On Tuesday, the District of Columbia filed an antitrust lawsuit against Amazon, alleging that the tech giant has abused its e-commerce market dominance to harm competition and artificially raise retail prices across the internet.
The lawsuit filed by DC Attorney General Karl Racine targets Amazon’s (AMZN) relationships with third-party sellers, alleging that Amazon’s contracts prevent sellers from offering their products at a lower price on other websites.
Racine told reporters on a conference call that the platform fees Amazon demands of its sellers — which are passed on to Amazon shoppers — must also be baked into the prices that shoppers see on sites like Walmart’s. According to Racine, Amazon sellers are sometimes charged fees of up to 40% of the total product price on Amazon.
“These restrictions allow Amazon to build and maintain monopoly power in violation of District law,” Racine said.
The lawsuit filed on Tuesday is the latest in a long line of complaints filed by state attorneys general against large tech companies in the last year, following antitrust lawsuits filed by a number of states against Facebook and Google. However, it appears to be the first antitrust lawsuit filed by a state attorney general against Amazon. The lawsuit seeks a court order prohibiting Amazon from engaging in anticompetitive behavior, as well as any other necessary measures, including, if necessary, a corporate breakup.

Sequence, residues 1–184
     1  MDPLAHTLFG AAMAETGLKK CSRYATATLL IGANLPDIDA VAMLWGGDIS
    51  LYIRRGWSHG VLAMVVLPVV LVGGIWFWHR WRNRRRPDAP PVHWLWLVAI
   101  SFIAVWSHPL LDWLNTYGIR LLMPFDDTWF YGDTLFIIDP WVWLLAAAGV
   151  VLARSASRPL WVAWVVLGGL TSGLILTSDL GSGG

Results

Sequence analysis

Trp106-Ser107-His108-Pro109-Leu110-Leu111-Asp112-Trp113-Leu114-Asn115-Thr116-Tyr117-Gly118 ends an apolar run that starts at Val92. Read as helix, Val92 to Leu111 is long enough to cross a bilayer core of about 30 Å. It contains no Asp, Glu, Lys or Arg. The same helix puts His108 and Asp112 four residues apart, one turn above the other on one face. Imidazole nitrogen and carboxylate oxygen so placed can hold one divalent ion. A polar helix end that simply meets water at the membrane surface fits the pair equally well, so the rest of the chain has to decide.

The lawsuit, filed in DC Superior Court, cites an Amazon document known as the Fair Pricing Policy, which states that in response to “pricing practices that harm customer trust,” such as “setting a price on a product or service that is significantly higher than recent prices,” Amazon may remove seller listings, give them less prominent placement on Amazon’s site, or ban sellers entirely.
That language allows Amazon to “penalize a seller for selling products on non-Amazon online retail sales platforms for a better price or on better terms,” according to the complaint.
Racine “has it exactly backwards,” according to an Amazon spokesperson.
“Sellers set their own prices for the products they offer in our store,” the statement said. “Amazon takes pride in the fact that we offer low prices across the broadest selection, and like any store we reserve the right not to highlight offers to customers that are not priced competitively.”
Racine’s proposed remedy, according to Amazon, would “force Amazon to feature higher prices to customers.”
Amazon is accused of breaking DC’s antitrust laws, according to the lawsuit. It makes no claims that Amazon broke any federal antitrust laws, and Racine’s office is not currently collaborating with other federal or state officials on the case.
That could, however, change, he told CNN Business.
“It’s not unusual after a suit for other attorneys general to express an interest in the lawsuit and join or file their own,” Racine said.